'Anything that raises our raw material costs will affect the bottom line,' said Henry Schwartz, founder and CEO of MobCraft Beer, a Milwaukee brewery. Even if a brewer wanted to switch to all bottles, Schwartz added, it would cost hundreds of thousands of dollars in additional equipment, and it wouldn't appeal to a lot of consumers. 

How much would tariffs add to the price of a six pack? The industry says for every dollar worth of beer produced in the U.S., brewers spend about a dime for cans and roughly five cents for aluminum. While that doesn’t seem like a lot, it quickly adds up as brewers produce more than $55 billion worth of beer annually..."

Read more here.

Is California Cracking Down on Booze in Shared Office Spaces?

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Shared offices--which offers those without physical offices the ability to rent office space--have become increasingly popular in modern times. Many shared office companies offer attractive perks in their offices, such as snacks, coffee, and even booze. But as the San Francisco Chronicle reports, alcohol in shared offices spaces has attracted the attention of the California government:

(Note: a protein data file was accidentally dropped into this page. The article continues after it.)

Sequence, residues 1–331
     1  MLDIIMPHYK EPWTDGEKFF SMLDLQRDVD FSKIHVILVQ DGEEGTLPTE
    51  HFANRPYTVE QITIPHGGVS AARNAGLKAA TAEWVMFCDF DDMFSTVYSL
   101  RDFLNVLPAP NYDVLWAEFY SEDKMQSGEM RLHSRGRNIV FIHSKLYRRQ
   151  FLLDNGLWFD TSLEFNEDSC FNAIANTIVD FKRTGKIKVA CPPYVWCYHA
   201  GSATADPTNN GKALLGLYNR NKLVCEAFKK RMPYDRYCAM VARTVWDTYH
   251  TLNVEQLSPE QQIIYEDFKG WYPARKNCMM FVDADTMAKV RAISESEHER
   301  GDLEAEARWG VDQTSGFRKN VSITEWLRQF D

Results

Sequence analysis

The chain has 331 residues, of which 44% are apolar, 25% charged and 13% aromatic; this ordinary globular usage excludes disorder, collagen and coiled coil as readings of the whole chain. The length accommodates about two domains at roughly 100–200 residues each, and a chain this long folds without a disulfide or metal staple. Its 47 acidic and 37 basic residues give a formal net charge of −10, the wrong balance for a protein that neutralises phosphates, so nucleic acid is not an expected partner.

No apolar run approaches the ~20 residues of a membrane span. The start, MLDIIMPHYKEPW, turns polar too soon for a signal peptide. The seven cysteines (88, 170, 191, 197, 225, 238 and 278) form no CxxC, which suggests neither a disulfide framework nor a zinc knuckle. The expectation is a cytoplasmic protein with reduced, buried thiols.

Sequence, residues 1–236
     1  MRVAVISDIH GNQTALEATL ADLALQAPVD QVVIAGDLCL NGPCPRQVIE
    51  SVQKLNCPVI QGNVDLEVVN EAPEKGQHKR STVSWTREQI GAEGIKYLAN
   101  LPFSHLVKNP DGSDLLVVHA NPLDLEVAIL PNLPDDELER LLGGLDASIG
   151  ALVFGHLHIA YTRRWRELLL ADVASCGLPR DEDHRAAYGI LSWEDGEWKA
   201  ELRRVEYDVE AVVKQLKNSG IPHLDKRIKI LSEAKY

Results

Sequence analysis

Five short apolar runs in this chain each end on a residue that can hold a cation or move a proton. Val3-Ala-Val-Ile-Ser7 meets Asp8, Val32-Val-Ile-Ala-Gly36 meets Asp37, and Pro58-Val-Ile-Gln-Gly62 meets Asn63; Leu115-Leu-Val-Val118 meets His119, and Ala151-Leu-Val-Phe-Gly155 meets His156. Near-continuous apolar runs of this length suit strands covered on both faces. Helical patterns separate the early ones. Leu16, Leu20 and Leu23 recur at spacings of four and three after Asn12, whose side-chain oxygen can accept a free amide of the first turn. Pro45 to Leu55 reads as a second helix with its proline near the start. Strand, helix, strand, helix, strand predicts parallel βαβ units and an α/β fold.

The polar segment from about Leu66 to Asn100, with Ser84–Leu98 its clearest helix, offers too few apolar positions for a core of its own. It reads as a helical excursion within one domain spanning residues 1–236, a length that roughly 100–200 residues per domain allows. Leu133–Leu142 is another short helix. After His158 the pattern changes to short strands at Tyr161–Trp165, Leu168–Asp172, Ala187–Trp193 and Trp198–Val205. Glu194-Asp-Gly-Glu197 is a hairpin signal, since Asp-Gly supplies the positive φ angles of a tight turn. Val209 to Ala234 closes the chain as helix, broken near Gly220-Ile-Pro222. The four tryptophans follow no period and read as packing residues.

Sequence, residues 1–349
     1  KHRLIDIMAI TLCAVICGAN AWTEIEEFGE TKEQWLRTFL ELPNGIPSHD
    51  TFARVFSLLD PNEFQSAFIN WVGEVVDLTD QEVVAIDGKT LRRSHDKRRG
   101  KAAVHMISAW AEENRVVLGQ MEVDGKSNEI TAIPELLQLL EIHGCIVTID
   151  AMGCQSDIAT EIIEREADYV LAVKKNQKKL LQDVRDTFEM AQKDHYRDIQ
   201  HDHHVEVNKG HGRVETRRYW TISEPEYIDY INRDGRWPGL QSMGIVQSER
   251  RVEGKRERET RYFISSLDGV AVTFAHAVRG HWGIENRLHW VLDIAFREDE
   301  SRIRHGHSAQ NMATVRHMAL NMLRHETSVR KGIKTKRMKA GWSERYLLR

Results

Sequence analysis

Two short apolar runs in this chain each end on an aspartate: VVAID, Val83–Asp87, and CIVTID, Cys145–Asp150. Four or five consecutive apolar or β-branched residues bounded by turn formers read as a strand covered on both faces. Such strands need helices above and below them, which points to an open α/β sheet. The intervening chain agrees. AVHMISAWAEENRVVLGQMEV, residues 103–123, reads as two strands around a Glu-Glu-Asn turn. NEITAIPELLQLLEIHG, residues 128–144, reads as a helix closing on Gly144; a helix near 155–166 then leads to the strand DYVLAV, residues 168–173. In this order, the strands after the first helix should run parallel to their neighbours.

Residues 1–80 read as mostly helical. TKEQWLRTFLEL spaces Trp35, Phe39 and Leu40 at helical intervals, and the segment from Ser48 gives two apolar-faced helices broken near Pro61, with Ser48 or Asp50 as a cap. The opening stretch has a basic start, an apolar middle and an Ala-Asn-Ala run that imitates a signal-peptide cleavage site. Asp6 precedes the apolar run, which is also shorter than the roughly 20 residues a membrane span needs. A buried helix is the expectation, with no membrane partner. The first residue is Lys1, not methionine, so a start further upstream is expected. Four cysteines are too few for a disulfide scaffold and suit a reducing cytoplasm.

Inside WeWork, a co-working company that caters to young professionals with its amenity-heavy spaces, some members in California have been asking: Where did the beer go?

Easy-to-rent desks with plenty of Silicon Valley-style perks, including beer, have long been part of the sales pitch to WeWork’s tenants and investors, and helped propel the company to a $20 billion valuation.

But when the taps recently got shut off in California, some startups housed at WeWork wondered what happened...

Companies don’t need a liquor license to provide alcohol in their offices, as long as the employees aren’t paying for it. But WeWork, which is based in New York and has a number of Bay Area locations, is in an unusual situation. It’s a landlord, not an employer, to the people working in its buildings. And that puts it in a gray area under the law — highlighting how innovative businesses create new legal questions faster than regulators can keep up...